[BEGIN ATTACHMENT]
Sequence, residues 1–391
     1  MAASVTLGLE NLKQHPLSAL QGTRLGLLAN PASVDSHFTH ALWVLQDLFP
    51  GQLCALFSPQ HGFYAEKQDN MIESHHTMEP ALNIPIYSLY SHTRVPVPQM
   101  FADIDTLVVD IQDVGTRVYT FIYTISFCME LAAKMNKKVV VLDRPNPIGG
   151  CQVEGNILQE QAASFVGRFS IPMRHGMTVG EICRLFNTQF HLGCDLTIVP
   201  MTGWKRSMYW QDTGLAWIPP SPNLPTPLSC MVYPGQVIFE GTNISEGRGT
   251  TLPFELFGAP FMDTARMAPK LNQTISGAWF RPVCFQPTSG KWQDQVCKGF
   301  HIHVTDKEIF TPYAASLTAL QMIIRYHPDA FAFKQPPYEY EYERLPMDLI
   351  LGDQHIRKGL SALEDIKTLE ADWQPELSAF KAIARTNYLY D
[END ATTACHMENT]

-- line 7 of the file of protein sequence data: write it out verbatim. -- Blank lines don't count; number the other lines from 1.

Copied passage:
   251  TLPFELFGAP FMDTARMAPK LNQTISGAWF RPVCFQPTSG KWQDQVCKGF